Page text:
GUYS, THIS IS IMPORTANT. I’ve been a lifeguard for four years, and I didn’t fully appreciate this until a little kid jumped into the shallow end of the lap pool. He wasn’t flailing. His eyes were wide in panic and h would try and push himself off the bottom, but the water was right over his head. It took me a couple seconds to register what had happened, and fortunately, another swimmer right beside the kid managed to grab him when he saw my reaction.
My mother and I run a water safety non-profit organization and this is one of the things we teach.
In movies someone who is drowning always yells and screams and it’s very dramatic and obvious but in real life you really have to be paying attention
I was on holiday in Egypt when I was 14, and there was a 4-year-old Italian boy I had to save because no-one else even thought he was in trouble. Luckily, the water wasn’t too deep and only came up to my waist, but the kid was so small it covered his head. All he did was gasp for air and angle his head up, and tried kicking off the pool floor while reaching his hands up. I sat him on the edge of the pool in the shallow end and then his mother came over and thanked me.
I didn’t think much of it then, but I saved a life that day.
THIS COULD LITERALLY SAVE A LIFE.
After 2 years of lifeguarding and many more of competitive swimming I can verify this. Drowning signs are eerily quiet. It helps to catch them early. The pool I worked at had a large amount of regular clients. I’d always keep an extra lookout for people I didn’t recognize since I didn’t know their swimming ability. Their face aiming towards the sky is the first thing they’ll almost always do. Especially children.
A wonderous fuck-ton of human hand references.
[From various sources]
Since it was Munday, I decided to do a small art reference project for myself. And then I decided to make it public with the following notes.
From Left to Right, Top to Bottom:
What NOT to do (front):
- Don’t chicken wing your arms! Although it might be easier to hold the rifle, you will make yourself a bigger target.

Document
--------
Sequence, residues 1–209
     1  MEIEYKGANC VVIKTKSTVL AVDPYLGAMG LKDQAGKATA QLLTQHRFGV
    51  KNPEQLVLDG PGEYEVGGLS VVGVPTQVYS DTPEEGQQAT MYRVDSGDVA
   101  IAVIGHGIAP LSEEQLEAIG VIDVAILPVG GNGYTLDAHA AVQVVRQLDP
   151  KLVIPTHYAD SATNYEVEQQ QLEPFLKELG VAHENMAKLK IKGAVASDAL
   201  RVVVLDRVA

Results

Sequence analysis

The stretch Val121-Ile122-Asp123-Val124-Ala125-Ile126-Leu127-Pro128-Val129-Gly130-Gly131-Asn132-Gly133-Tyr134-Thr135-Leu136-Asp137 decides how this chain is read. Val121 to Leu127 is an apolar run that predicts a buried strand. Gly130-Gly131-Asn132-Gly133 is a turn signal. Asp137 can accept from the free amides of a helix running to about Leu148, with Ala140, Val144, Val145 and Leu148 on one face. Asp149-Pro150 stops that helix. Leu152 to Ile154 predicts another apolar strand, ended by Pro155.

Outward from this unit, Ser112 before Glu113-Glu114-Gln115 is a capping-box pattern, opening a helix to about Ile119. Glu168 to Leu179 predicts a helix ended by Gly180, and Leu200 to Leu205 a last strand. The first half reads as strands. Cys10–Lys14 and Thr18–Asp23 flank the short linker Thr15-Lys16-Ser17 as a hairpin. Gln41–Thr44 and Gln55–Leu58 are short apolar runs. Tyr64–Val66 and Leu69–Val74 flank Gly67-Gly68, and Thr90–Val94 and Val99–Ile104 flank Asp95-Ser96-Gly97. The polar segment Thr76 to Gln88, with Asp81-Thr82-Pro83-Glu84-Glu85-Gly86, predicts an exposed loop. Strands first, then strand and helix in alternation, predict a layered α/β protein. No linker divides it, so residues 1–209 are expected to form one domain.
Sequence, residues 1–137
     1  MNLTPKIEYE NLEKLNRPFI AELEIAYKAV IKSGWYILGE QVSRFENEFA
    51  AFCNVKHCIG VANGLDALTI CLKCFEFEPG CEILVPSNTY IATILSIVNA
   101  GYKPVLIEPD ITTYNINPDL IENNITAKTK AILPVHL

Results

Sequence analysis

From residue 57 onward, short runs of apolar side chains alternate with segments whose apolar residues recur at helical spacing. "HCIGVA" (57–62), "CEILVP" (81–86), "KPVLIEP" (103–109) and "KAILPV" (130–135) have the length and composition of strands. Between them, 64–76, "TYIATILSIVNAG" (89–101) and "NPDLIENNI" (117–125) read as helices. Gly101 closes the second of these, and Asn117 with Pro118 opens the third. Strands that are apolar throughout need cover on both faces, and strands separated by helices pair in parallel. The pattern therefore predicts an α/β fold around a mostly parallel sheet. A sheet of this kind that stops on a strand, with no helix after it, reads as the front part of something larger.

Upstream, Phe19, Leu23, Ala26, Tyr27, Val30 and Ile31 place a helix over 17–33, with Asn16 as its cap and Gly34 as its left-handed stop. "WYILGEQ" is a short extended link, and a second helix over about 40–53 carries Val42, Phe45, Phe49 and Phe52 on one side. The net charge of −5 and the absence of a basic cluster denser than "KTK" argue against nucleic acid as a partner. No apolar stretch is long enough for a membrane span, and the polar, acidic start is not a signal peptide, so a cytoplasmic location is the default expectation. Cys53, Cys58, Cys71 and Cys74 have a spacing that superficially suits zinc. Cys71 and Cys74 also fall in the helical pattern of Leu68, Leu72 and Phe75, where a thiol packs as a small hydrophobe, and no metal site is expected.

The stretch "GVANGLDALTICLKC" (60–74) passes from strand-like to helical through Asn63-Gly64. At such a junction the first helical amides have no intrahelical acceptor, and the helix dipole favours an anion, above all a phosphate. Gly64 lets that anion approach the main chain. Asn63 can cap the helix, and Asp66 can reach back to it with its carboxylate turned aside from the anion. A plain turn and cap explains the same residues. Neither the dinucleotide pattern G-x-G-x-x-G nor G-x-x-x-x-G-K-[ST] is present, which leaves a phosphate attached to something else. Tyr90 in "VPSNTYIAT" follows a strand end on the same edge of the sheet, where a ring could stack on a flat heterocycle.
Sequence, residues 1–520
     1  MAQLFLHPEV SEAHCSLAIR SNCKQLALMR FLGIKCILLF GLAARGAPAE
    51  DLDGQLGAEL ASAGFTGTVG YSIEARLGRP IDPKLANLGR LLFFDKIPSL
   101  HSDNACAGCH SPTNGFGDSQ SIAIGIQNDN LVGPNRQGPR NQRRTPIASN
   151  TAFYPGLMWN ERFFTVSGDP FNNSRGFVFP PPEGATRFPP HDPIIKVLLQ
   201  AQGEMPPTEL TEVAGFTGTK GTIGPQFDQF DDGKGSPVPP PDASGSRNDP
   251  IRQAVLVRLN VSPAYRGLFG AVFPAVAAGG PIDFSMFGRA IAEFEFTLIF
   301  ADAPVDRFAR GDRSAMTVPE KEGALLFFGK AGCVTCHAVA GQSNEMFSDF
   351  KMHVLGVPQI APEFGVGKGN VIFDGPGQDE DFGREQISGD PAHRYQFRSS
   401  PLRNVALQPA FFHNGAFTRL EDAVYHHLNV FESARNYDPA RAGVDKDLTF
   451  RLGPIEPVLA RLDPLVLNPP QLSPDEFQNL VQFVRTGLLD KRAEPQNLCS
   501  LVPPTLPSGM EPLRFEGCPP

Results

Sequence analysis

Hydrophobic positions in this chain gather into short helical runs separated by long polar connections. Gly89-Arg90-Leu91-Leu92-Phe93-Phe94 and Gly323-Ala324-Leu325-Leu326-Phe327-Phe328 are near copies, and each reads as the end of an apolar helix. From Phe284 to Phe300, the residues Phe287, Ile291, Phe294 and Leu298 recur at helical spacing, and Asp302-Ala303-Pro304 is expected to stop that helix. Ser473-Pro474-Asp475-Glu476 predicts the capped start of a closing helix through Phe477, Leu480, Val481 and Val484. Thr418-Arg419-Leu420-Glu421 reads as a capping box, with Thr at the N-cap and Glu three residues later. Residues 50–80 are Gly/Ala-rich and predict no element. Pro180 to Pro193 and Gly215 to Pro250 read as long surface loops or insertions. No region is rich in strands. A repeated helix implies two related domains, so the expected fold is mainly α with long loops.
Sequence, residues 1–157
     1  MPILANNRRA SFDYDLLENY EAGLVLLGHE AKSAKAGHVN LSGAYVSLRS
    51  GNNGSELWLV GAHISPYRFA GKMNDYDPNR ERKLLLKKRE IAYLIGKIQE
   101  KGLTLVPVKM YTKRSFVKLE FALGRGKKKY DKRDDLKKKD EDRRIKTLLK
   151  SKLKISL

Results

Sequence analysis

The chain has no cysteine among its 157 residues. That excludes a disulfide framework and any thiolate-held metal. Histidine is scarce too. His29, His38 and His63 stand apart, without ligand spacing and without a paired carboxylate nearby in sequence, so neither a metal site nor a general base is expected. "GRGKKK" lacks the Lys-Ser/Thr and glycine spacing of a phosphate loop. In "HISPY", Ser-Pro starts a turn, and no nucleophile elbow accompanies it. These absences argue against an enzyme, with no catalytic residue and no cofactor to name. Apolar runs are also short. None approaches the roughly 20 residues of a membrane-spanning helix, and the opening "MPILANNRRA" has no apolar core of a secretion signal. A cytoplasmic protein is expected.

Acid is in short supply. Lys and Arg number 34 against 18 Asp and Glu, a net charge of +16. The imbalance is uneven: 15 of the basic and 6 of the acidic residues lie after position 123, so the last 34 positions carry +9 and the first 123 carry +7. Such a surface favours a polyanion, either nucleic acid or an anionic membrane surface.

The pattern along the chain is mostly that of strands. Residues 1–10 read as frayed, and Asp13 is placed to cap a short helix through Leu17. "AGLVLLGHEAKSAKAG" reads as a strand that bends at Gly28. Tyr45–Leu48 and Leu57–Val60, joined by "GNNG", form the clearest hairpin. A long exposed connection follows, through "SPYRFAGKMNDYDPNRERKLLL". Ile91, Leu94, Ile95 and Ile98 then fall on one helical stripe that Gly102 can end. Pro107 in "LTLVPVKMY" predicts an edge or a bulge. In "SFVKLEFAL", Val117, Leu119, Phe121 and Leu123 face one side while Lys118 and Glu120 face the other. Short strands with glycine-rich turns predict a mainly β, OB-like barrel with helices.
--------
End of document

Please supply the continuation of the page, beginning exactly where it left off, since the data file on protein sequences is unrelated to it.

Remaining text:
- Don’t close your one eye! You will lose your depth perception, which is crucial when you are on the move, or are trying to determine how far away your target is
- Don’t keep your legs haphazardly strewn about. You need to make sure you’re balanced!
What to do (front)
- Keep both eyes open
- Bend your elbows downwards and towards the ground to make yourself a smaller target
- Bend your knees to control the gun’s recoil + be ready to move.
What NOT to do (side)
- Don’t put the stock above your shoulder
- Don’t lean back.
- Both of the above reduce your control over the weapon and may result in a black eye, and the rifle flying backwards and out of your hands.
What to do (side)
- Bury the stock of the rifle into the meaty part of your shoulder
- Lean into the gun to keep the gun under control when the recoil of the gun kicks the gun upwards or to the side
- Bend your knees slightly to lean forward, as well as make yourself a smaller target
- The soldier is relaxed and is most likely moving around.
- His eyes are searching for possible threats
- His hands are still on the rifle, even if he has a sling on
Low Ready Stance
- Possible threat has been detected
- Entire body shifts towards threat direction
- Stock is shouldered
- Eyes are focused on the possible target
- Gun barrel is pointed in the target’s general direction, but not directly at the target.
- Immediate response
- Soldier fires off shots while screaming to the other people in his team
- "CONTACT!" or "THREAT!"
there a good waste of time.
A quick tutorial for very simple folds/ruffles.
ok it’s time for me to try to feel more confident about my art again because i really don’t feel like it.
i’m an horrid artist and i know that….
abby you have forever changed my life with these
IT’S FUCKING BAAACCCCKKKKK
so my nerd ass friend made me make an animatronic version of Dylaila..
came out pretty nice if you ask me